Without accurate and sustainable data governance policies set in place, an organization’s data is deemed essentially useless. The significance behind the architecture of data—rendering it compatible for users and set to regulation standards—cannot be stressed enough. This 2017 Research Report for the SAP Utilities Conferences outlines the steps necessary to ensure a successful and reliable data governance program.
Governance is an essential component to an organization’s data and analytics strategy in order to ensure corporate integrity, business security, and consumer usability. It is also the key to successful decision-making to guarantee longevity and prosperity. In addition, as the volume of data continues to increase, the importance of legal or compliant regulation will directly grow as well. So, where does an organization begin?
“Figuring out how to manage those data could hold the key to new revenue streams and improved grid operation, if utilities can find software tools to integrate multiple grid technologies and handle ever-escalating quantities of information.” Utilities Dive, No time to think: How utilities are handling the deluge of grid data
BASIC GUIDELINES FOR STRUCTURING YOUR ORGANIZATION’S DATA GOVERNANCE:
- Establish validation through every channel to make sure master data remains representative
- Understand regulatory requirements to protect customer data information
- Identify ownership for data in the organization and set up the proper controls
- Design nomenclature consistency across all areas of the business
- Develop best practices for profiling data & provide proper training for end users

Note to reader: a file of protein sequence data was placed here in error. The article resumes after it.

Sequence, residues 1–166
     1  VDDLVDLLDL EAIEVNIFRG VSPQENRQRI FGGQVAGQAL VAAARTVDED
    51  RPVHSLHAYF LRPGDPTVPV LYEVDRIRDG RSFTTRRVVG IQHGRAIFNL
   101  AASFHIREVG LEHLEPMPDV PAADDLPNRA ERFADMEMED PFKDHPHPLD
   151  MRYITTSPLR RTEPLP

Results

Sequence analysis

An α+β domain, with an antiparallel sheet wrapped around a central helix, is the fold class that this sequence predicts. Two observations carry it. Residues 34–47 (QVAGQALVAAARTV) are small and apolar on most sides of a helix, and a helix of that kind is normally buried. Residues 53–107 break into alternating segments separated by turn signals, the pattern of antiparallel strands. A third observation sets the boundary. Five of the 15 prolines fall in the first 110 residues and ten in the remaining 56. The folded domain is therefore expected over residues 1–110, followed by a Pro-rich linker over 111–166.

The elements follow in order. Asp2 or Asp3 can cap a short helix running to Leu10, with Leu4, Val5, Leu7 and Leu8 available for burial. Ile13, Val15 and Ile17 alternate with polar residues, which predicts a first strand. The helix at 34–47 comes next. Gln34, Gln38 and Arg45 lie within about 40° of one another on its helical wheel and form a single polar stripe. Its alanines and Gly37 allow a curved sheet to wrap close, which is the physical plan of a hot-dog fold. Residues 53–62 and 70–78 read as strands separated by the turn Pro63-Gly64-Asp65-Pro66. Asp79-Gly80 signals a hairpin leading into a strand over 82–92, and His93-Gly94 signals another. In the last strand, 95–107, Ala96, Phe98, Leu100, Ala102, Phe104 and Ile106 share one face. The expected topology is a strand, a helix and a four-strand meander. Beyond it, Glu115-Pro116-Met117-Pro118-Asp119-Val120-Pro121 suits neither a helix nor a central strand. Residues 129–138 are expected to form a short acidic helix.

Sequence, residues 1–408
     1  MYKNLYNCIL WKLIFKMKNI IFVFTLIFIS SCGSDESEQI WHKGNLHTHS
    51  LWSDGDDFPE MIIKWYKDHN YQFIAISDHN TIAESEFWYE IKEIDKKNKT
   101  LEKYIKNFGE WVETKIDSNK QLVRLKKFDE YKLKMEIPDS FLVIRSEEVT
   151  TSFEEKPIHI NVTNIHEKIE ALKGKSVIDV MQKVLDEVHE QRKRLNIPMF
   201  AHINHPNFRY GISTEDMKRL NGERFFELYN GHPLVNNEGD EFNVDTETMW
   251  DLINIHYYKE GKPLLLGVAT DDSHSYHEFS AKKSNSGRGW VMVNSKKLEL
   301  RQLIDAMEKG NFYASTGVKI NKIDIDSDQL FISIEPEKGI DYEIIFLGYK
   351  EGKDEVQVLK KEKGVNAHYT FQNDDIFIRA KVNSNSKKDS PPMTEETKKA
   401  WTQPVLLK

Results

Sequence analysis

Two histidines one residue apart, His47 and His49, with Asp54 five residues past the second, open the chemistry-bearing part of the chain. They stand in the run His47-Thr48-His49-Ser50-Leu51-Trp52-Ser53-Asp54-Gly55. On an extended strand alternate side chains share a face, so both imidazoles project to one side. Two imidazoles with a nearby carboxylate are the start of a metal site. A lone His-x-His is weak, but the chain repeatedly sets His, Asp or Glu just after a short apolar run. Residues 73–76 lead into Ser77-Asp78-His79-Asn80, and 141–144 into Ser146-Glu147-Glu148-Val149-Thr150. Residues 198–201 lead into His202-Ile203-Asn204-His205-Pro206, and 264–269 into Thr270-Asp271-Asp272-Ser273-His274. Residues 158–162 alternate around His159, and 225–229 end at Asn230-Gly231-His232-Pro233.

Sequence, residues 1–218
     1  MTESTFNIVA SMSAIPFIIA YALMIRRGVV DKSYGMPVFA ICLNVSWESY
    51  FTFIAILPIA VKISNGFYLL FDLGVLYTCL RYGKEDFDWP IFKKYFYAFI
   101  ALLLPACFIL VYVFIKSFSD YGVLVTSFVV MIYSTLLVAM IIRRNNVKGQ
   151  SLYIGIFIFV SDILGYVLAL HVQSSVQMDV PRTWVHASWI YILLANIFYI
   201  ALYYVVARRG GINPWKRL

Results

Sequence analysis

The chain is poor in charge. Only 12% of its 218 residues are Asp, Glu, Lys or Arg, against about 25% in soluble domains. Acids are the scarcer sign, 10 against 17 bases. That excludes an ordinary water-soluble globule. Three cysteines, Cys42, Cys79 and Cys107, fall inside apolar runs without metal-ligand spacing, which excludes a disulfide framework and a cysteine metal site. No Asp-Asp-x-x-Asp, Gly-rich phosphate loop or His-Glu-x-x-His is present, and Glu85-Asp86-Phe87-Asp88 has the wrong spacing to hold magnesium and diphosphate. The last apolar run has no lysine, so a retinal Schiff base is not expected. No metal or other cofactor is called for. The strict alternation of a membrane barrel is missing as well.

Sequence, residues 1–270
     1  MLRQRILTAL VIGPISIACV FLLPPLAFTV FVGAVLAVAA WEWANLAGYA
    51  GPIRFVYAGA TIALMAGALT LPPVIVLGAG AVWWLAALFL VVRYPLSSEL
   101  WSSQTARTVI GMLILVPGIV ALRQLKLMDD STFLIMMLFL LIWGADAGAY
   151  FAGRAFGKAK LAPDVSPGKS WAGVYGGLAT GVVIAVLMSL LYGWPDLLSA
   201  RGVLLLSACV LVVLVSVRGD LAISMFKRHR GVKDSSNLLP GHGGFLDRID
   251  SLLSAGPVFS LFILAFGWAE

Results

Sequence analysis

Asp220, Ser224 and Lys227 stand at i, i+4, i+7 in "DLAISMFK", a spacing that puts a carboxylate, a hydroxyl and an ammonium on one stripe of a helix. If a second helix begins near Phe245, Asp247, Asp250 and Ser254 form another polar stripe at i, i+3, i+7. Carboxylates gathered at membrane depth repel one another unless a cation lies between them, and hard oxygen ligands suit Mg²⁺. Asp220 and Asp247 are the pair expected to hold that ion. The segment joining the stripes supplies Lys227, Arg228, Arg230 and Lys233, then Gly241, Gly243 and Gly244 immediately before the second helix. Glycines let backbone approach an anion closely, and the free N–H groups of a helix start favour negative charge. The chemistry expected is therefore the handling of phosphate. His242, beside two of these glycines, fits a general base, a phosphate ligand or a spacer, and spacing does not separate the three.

- Create alignment in data governance policies across various 3rd party applications (i.e. cloud based solutions, etc.)
- Decide on the accessibility of data between different areas of the business
- Focus on the architecture of your data to improve overall business
- Form records management policy that is also compliant with regulatory requirements
Understanding how to structure the entirety of your data governance program is critical yet mammoth in nature. As explained by Scott Gnau, the Chief Technology Officer at Hortonworks “Compare and contrast the old world of traditional governance in the data space; it was a little bit easier. Data used to be well-defined by job role or application. . . It’s driving a whole new paradigm in how you need to approach governance.” However, in the end, if you are able to create an infrastructure that is scalable and secure, you’ll have a unified data architecture that will emulate trust and accountability throughout your enterprise.
If your utility organization could benefit from a data governance strategy, or you’re looking to further secure your current program, attend this year’s SAP for Utilities September 10 -12 held in Huntington Beach, California. The security of your data and trust within your stakeholders will only grow stronger as you continue your journey to building a solid data governance structure.